DG: Someone who always took giant strides was Robert Wadlow, the tallest man to ever walk this earth. At about eight feet and 11 inches, he was mentioned frequently by Roy Castle and Norris McWhirter on Record Breakers. His tailor was also very skilled at making giant strides, he had to be, for the aforementioned gentleman to wear them. I've...


NP: Paul.... Dave you've challenged yourself.

DG: Ah hesitation!

NP: I was going to ask you, but actually you're quite right, you did hesitate.

DG: It was as clear as anything!

NP: Yes, so I suppose you have to have a point because you did hesitate and you keep the subject. But don't make a habit of this because you could ruin the whole process of the game! So if you want to continue now, you have 39 seconds, giant strides starting now.

DG: Science and technology have been making giant strides in recent times. Whatever you think about cloning and the rest of it, there's no doubt about it that people are living longer, cars are safer, computers are getting more powerful and smaller. In other fields, for example television, people are making giant strides, not necessarily...


NP: And you forgot to challenge yourself then!

DG: You did tell me not to.

NP: Yes but people don�t always do what I tell them.

DG: Your cooker does!

NP: Tony?

TH: Well I would have let it go, but I thought that I'd better challenge for hesitation before he did!

NP: Oh no, what is your challenge...

TH: Hesitation.

NP: Yes he did hesitate, right, you have 23 seconds now Tony, tell us something about giant strides starting now.

TH: Sting wrote about giant strides, in a way, in his song, Walking On The Moon. Giant steps are what you take, he said, whereas in fact you could take little steps if you were wearing bedroom slippers for instance...


NP: And Paul challenged.

PM: We had a couple of takes.

NP: Yes we did yes, well done Paul, 12 seconds available still on giant strides with you Paul starting now.

PM: If you look at the early history of the cinema, you can see from about 1897 onwards, giant strides in the making of the motion picture. A director...


NP: Clement has challenged.

CF: Deviation.

NP: Why?

CF: They weren't that big between...

DG: 1897?

PM: 1897, huge strides.

NP: Yeah I think it's debatable but on the other hand...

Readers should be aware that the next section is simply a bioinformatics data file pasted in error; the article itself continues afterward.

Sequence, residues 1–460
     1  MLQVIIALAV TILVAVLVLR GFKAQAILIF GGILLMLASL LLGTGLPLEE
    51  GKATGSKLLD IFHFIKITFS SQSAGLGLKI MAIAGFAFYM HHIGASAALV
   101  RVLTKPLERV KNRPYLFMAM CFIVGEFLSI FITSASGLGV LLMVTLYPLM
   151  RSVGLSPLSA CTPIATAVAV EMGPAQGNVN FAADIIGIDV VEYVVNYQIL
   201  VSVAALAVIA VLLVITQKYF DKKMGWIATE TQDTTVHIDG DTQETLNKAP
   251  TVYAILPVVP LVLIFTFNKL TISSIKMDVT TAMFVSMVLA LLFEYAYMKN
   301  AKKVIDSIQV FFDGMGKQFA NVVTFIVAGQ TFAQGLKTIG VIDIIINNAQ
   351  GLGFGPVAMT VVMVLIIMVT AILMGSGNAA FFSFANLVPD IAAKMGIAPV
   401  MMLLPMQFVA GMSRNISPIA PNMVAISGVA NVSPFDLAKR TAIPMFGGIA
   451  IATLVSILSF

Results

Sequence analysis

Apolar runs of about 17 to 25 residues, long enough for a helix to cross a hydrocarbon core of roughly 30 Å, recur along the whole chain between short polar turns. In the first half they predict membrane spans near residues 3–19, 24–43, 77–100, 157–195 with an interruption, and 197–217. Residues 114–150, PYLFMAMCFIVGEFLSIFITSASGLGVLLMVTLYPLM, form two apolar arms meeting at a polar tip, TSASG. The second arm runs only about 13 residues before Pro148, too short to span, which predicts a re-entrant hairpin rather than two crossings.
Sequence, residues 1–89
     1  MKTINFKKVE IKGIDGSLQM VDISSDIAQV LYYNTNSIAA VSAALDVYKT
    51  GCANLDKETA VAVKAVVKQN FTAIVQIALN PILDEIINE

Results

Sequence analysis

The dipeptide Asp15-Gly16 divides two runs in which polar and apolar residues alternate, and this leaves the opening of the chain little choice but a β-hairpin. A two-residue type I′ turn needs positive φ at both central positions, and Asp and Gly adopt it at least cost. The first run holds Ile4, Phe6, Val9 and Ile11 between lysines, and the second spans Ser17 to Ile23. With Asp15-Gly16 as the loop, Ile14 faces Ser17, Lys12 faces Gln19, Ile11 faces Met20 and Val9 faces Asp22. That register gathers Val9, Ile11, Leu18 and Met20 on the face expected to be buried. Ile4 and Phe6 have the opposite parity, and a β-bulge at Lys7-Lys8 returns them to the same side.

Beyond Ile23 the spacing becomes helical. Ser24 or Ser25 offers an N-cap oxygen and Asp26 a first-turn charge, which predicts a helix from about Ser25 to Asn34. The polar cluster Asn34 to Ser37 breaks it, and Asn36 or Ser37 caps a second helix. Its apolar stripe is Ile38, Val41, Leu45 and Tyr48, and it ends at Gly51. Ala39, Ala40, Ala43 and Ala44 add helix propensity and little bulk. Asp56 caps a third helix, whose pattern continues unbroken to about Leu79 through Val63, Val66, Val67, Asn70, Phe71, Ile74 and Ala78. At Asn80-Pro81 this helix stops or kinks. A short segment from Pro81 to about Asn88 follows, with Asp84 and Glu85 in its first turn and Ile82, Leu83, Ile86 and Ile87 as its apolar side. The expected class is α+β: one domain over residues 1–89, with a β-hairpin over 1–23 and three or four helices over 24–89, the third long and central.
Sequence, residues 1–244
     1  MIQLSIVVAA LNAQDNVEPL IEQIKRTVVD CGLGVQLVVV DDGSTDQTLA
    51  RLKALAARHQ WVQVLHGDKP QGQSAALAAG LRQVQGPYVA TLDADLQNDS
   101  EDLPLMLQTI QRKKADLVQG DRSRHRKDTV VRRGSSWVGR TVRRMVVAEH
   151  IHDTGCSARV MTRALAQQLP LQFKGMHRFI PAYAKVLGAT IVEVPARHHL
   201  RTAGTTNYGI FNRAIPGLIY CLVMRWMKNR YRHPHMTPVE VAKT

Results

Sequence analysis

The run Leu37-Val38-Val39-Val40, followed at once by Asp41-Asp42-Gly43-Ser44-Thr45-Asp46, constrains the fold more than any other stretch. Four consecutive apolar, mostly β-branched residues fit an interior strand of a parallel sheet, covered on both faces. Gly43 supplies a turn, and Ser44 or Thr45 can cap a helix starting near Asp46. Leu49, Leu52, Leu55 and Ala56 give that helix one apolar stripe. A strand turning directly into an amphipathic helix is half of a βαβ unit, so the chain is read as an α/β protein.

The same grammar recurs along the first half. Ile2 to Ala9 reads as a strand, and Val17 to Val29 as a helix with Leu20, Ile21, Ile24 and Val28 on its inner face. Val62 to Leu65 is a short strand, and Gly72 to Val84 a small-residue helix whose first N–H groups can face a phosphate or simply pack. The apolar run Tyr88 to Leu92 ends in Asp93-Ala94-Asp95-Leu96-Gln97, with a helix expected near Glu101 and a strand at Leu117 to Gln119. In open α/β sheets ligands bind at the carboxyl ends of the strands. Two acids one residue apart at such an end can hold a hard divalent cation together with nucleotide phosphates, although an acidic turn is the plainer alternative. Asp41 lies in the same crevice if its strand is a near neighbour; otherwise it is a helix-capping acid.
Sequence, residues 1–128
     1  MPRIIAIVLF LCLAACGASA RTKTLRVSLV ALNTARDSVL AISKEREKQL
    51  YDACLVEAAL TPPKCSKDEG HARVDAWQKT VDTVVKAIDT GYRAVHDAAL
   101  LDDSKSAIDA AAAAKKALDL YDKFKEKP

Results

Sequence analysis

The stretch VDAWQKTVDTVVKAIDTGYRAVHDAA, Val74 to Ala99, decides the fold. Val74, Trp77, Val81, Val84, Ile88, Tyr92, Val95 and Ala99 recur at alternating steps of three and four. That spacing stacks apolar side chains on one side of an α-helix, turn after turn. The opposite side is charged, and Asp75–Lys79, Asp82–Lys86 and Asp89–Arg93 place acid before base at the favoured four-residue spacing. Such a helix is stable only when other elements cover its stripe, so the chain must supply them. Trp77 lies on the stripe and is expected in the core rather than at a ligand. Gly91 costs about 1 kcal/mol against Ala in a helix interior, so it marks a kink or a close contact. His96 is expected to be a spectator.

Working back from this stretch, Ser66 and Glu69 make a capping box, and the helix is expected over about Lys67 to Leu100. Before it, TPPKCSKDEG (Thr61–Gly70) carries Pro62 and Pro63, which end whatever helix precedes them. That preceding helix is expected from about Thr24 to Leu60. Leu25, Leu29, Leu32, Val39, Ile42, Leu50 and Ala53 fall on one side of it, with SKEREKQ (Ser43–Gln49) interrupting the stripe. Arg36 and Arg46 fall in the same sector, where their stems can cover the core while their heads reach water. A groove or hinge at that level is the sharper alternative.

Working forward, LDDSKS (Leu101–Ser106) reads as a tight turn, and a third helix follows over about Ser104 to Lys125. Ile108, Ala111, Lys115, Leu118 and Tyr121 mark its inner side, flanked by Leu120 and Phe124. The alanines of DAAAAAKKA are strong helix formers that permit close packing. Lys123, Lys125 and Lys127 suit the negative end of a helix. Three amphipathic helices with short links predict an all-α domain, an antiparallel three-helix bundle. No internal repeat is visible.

PM: Is it debatable or is it bollocks? We just don't know!

NP: It depends on your interpretation of how rapidly the cinema moved forward. And I agree with you, and I think you have the benefit of the doubt Paul, and you keep the subject and you have three seconds on giant strides starting now.

PM: The Beatles' first album and their seventh album have enormous...


NP: And...

PM: Album.

NP: ... Tony challenged. Yes?

TH: Repetition of album.

NP: The album, yes.

PM: Yeah.

NP: So rapidly. You cleverly got in with half a second to go Tony, on giant strides starting now.

TH: Sir Winston Churchill...


NP: So let me give you the final situation. Dave Gorman who has not played the game before came from nowhere and finished in a very strong fourth place. In third place was Clement Freud, but only one point behind Paul Merton. But three or four points ahead of them was Tony Hawks so we say Tony this week you are our winner! So it only remains for me to say thank you to these four fine players of the game. I also thank Trudi Stevens, who has helped me with the score, blown her whistle marvellously when the 60 seconds elapsed. And we are grateful to our producer Tilusha Ghelani. And also we are indebted to Ian Messiter who created this amazing game. And we are very grateful to this lovely audience here at the Radio Theatre in the heart of the Broadcasting House who have cheered us on our way. From our audience here, from me Nicholas Parsons, from the team, tune in the next time we play Just A Minute! Yeah!